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El ciclo de crecimiento de la tasa de interés en Estados Unidos y sus consecuencias para los mercados emergentes

Listed author(s):
  • Carmen Reinhart
  • Guillermo A. Calvo
  • Eduardo Fernández-Arias

    ()

  • Ernesto Talvi

(Disponible en idioma inglés únicamente) Para el momento en que se realizó este trabajo existía una inquietud generalizada sobre el buen estado de la economía estadounidense. Hay elementos de juicio concluyentes que indican que el ritmo del crecimiento se ha desacelerado, lo que ha llevado a la Reserva Federal a recortar las tasas de interés en dos oportunidades (para un total de 100 puntos base hasta ahora). Como ya es habitual, ante esta clase de viraje, analistas y diseñadores de políticas por igual se preguntan si Estados Unidos conseguirá un aterrizaje suave o si el desmejoramiento de la coyuntura será más grave y prolongado; en el peor escenario, la nueva debilidad puede anunciar el fin de la nueva economía. Además, las recientes sorpresas inflacionarias no han sido nada alentadoras, ya que cifras inflacionarias superiores a lo anticipado pueden entorpecer el deseo y la capacidad de la Reserva Federal de actuar de manera anticíclica.

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Paper provided by Inter-American Development Bank, Research Department in its series Research Department Publications with number 4280.

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Date of creation: Mar 2001
Handle: RePEc:idb:wpaper:4280
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  1. Prebisch, Raúl, 1950. "The economic development of Latin America and its principal problems," Sede de la CEPAL en Santiago (Estudios e Investigaciones) 29973, Naciones Unidas Comisión Económica para América Latina y el Caribe (CEPAL).
  2. Guillermo A. Calvo & Leonardo Leiderman & Carmen M. Reinhart, 1993. "Capital Inflows and Real Exchange Rate Appreciation in Latin America: The Role of External Factors," IMF Staff Papers, Palgrave Macmillan, vol. 40(1), pages 108-151, March.
  3. Marquez, Jaime & McNeilly, Caryl, 1988. "Income and Price Elasticities for Exports of Developing Countries," The Review of Economics and Statistics, MIT Press, vol. 70(2), pages 306-314, May.
  4. Michael D. Bordo & Barry Eichengreen & Jongwoo Kim, 1998. "Was There Really an Earlier Period of International Financial Integration Comparable to Today?," NBER Working Papers 6738, National Bureau of Economic Research, Inc.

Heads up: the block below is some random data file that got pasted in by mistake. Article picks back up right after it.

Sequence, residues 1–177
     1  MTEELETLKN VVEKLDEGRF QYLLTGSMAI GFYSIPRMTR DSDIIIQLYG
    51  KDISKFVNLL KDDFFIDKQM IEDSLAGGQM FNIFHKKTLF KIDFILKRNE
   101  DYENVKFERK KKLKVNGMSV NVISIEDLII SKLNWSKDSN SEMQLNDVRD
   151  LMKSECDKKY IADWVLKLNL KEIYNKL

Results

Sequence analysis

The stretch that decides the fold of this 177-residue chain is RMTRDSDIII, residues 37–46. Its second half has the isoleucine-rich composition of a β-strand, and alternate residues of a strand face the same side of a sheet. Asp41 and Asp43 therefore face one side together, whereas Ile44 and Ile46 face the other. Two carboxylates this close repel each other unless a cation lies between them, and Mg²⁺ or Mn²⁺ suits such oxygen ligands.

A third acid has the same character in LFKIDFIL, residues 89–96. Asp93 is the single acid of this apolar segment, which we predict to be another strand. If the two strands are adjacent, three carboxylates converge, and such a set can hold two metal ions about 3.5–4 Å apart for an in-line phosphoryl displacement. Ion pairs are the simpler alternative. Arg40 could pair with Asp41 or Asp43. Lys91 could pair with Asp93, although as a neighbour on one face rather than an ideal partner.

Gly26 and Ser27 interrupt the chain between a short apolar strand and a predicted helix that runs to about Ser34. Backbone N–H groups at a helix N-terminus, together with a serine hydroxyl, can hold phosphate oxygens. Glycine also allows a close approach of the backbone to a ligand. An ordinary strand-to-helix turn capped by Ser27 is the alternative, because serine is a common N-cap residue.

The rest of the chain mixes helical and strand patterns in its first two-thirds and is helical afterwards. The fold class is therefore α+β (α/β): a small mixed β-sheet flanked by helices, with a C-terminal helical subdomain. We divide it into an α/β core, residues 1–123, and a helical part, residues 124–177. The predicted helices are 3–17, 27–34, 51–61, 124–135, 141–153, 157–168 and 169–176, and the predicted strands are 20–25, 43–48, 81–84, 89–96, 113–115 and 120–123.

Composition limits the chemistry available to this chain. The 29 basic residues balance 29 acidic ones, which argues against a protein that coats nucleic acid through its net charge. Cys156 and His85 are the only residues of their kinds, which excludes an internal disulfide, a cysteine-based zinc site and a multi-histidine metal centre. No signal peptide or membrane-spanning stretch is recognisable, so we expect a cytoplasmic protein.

5. Jeffrey Frankel & Sergio Schmukler & Luis Serven, 2000. "Verifiability and the Vanishing Intermediate Exchange Rate Regime," NBER Working Papers 7901, National Bureau of Economic Research, Inc.
  6. Carmen M. Reinhart & Vincent Raymond Reinhart, 2002. "What Hurts Emerging Markets Most? G3 Exchange Rate or Interest Rate Volatility?," NBER Chapters,in: Preventing Currency Crises in Emerging Markets, pages 133-170 National Bureau of Economic Research, Inc.
  7. Reinhart, Carmen & Borensztein, Eduardo, 1994. "The Macroeconomic Determinants of Commodity Prices," MPRA Paper 6979, University Library of Munich, Germany.
  8. Fernandez-Arias, Eduardo, 1996. "The new wave of private capital inflows: Push or pull?," Journal of Development Economics, Elsevier, vol. 48(2), pages 389-418, March.
  9. Rudiger Dornbusch, 1985. "Policy and Performance Links between LDC Debtors and Industrial Nations," Brookings Papers on Economic Activity, Economic Studies Program, The Brookings Institution, vol. 16(2), pages 303-368.
  10. Eduardo Borensztein & Carmen M. Reinhart, 1994. "The Macroeconomic Determinants of Commodity Prices," IMF Staff Papers, Palgrave Macmillan, vol. 41(2), pages 236-261, June.
  11. Carmen M. Reinhart & Sara Calvo, 1996. "Capital Flows to Latin America: Is There Evidence of Contagion Effects?," Peterson Institute Press: Chapters,in: Guillermo A. Calvo & Morris Goldstein & Eduard Hochreiter (ed.), Private Capital Flows to Emerging Markets After the Mexican Crisis, pages 151-171 Peterson Institute for International Economics.
  12. Reinhart, Carmen, 1994. "Devaluation, Relative Prices, and International Trade," MPRA Paper 13708, University Library of Munich, Germany.
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